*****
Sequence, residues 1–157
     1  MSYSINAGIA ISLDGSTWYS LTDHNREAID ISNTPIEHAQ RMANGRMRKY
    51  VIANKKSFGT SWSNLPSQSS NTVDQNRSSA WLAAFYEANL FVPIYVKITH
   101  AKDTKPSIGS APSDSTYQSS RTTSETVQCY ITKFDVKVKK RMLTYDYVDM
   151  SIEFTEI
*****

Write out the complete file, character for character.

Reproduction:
Sequence, residues 1–157
     1  MSYSINAGIA ISLDGSTWYS LTDHNREAID ISNTPIEHAQ RMANGRMRKY
    51  VIANKKSFGT SWSNLPSQSS NTVDQNRSSA WLAAFYEANL FVPIYVKITH
   101  AKDTKPSIGS APSDSTYQSS RTTSETVQCY ITKFDVKVKK RMLTYDYVDM
   151  SIEFTEI